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Don Quijote: The History of that Ingenious Gentleman, Don Quijote de la Mancha

4.4 out of 5 stars 38 customer reviews
ISBN-13: 978-0393315097
ISBN-10: 0393315096
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Editorial Reviews

From Library Journal

A translator of Horace, Balzac, Rabelais, and Salvador Espriu, as well as a theorist (The Art of Translating Prose, Pennsylvania State Univ. Pr., 1994), Raffel (Univ. of Southwest Louisiana) undertook the formidable task of translating Cervantes's masterpiece because he was uncomfortable recommending any of the existing translations. There are some real differences here. Raffel has junked the traditional transcription of Cide Hamete, the pseudoauthor, in favor of the less "colonialist" and more authentic Arabic, Sidi Hamid. Proper names that contain puns are explained within square brackets, and footnotes are kept to a minimum. A more vernacular style reigns: The blow on the neck and the stroke on the shoulder that dub Don Quijote a knight are, respectively, a "whack" and a "tap." The women at the inn, usually called "wenches," are "party-girls" or "whores." Sancho dreams that his "old lady" will someday be a queen and that his "kids" will be princes. In the proofs, "Castile" has been misspelled as "Castille," an oversight one would hope to see corrected in the final book. This is a lively alternative to the wide assortment of truly old-fashioned translations. Recommended.?Jack Shreve, Allegany Community Coll., Cumberland, Md.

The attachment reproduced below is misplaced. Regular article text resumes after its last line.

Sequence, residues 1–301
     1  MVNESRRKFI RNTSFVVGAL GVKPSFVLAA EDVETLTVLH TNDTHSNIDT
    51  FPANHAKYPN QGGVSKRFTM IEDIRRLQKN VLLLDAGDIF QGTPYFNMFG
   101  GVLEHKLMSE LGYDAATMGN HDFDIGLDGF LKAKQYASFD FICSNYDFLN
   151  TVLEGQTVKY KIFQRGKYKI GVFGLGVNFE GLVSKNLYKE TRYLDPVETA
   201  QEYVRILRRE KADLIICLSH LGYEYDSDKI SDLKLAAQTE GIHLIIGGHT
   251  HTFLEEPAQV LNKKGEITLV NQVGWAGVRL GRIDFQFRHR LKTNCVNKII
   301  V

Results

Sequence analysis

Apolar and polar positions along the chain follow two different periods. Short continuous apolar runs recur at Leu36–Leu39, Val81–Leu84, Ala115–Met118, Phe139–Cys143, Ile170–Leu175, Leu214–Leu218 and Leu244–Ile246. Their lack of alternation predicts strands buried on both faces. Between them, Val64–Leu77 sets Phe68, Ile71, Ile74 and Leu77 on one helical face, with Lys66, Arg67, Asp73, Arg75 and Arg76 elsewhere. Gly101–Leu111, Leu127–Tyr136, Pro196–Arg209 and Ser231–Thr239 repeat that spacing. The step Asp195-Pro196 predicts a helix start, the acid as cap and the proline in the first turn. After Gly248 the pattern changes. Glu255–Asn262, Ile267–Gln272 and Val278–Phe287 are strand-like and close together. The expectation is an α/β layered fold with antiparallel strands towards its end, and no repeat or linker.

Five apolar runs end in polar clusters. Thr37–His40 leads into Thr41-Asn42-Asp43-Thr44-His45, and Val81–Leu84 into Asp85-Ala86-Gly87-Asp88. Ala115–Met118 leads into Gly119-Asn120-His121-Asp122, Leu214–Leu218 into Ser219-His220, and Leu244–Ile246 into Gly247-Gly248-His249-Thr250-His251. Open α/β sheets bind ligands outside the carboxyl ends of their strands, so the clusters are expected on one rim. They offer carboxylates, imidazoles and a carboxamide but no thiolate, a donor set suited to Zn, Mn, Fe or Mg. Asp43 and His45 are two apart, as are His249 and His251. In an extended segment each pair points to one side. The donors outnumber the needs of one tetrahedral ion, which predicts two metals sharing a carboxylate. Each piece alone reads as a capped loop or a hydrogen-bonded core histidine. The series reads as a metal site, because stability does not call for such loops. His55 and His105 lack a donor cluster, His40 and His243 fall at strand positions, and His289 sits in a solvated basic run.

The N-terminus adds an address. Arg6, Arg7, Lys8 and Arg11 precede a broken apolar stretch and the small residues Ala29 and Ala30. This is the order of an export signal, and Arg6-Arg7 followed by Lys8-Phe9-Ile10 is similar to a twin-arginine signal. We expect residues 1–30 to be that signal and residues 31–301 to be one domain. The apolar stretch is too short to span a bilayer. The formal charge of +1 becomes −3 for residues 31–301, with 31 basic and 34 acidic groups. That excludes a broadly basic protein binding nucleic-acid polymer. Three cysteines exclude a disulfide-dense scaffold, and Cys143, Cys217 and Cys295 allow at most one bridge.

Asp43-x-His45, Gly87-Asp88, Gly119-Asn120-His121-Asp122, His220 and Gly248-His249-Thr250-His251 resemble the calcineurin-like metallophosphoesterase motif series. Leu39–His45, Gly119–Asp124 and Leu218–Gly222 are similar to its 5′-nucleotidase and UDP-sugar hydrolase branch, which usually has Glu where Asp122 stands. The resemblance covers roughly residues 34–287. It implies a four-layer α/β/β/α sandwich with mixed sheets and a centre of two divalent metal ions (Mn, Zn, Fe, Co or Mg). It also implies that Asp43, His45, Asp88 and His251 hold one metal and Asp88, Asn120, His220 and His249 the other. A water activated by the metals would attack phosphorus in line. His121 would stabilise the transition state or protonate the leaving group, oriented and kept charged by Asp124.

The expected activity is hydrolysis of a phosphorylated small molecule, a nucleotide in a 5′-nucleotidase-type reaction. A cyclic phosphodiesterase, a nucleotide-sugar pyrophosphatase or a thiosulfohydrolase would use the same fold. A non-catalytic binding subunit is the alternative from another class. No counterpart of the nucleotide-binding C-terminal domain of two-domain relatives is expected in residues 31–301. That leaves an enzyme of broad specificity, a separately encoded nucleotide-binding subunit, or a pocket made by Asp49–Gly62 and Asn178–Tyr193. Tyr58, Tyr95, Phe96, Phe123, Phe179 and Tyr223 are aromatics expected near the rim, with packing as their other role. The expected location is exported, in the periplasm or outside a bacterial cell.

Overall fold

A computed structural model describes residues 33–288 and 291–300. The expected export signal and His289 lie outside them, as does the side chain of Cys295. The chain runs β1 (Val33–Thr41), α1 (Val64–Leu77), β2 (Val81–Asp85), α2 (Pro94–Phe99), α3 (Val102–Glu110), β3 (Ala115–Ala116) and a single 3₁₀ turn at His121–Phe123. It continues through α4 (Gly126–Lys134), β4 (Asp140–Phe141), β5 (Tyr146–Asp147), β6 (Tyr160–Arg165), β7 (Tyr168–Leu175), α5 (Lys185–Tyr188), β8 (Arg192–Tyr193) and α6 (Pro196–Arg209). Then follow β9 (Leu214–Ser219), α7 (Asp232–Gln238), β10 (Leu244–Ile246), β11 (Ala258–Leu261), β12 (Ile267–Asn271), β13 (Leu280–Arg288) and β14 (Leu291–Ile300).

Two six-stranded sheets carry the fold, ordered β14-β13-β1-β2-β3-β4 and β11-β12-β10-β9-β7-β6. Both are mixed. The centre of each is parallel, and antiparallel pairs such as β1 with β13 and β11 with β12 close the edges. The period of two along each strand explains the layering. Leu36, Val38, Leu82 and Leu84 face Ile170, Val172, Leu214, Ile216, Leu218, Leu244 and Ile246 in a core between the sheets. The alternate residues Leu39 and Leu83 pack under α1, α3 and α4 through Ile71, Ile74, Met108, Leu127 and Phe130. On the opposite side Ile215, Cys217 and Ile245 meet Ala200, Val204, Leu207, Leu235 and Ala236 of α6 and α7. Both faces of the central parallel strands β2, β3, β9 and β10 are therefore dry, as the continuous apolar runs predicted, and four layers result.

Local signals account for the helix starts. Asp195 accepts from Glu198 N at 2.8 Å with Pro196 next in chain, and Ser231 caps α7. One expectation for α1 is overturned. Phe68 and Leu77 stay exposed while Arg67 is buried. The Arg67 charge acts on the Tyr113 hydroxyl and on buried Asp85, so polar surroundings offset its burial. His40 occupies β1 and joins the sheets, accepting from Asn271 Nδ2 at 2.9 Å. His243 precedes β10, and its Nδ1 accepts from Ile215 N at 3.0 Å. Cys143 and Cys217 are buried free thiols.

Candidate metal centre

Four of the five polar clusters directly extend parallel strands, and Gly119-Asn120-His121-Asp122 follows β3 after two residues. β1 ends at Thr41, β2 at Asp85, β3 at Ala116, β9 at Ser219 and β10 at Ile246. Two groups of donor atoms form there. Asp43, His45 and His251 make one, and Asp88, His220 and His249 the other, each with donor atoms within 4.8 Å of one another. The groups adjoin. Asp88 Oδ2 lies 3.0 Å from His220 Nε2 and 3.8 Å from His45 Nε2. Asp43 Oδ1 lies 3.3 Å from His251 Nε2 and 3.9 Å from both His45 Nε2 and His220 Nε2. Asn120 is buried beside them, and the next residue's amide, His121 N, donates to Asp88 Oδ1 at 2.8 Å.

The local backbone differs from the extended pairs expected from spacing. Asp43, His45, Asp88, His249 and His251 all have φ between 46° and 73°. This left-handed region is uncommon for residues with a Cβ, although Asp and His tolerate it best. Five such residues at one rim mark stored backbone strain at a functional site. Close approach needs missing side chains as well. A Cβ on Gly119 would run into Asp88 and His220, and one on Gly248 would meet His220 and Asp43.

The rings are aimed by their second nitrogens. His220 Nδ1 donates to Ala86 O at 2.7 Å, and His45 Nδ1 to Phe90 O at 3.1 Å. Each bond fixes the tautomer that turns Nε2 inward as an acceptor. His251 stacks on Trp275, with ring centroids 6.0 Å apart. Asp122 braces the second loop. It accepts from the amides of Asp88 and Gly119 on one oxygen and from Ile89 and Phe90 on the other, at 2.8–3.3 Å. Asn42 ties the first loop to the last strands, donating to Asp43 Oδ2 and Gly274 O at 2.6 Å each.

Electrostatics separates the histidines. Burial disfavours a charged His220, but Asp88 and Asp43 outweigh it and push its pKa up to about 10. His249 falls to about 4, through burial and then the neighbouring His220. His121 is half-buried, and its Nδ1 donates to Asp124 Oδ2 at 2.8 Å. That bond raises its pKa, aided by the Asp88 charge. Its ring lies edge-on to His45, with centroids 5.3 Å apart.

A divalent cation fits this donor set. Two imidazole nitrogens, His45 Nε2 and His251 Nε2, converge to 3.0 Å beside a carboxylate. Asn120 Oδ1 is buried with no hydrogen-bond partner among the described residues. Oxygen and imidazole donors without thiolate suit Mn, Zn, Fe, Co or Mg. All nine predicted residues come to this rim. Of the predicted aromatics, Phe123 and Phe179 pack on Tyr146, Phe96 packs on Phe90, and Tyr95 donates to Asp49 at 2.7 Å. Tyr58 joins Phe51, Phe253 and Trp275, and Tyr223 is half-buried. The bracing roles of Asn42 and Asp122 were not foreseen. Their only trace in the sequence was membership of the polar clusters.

Copyright 1995 Reed Business Information, Inc. --This text refers to an out of print or unavailable edition of this title.

Review

Raffel has managed, by extremely careful research, to keep the flavor of the late-seventeenth-century Spanish, at the same time that the English is very smooth. . . . Indeed, Raffel seems to have created a Cervantine English. -- Javier Herrero, University of Virginia --This text refers to an alternate Paperback edition.
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Product Details

  • Paperback: 752 pages
  • Publisher: W. W. Norton & Company (September 17, 1996)
  • Language: English
  • ISBN-10: 0393315096
  • ISBN-13: 978-0393315097
  • Product Dimensions: 0.6 x 0.1 x 0.9 inches
  • Shipping Weight: 2.3 pounds (View shipping rates and policies)
  • Average Customer Review: 4.4 out of 5 stars  See all reviews (38 customer reviews)
  • Amazon Best Sellers Rank: #2,424,889 in Books (See Top 100 in Books)

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Customer Reviews

Top Customer Reviews

Format: Paperback
I've spent a bit of time comparing the early pages of Burton Raffel's decade-old rendition with Edith Grossman's brand new one. Both are excellent, so you can't go wrong---and I think either would be a better choice for most people than past translations. I've chosen Raffel's, though, based not only on word choices (and I think some people need to lower their antennae when it comes to things such as Sancho referring to his "kids", which seems quite natural), but on Raffel's better balanced, more focused style, and his clarity of phrasing (which also involves word choices). Raffel's style overall is traditional. Grossman seems to jump between the literal, which is sometimes confusing, and the breezy and modern, which is enjoyable but not as wry and witty as Raffel's balanced approach.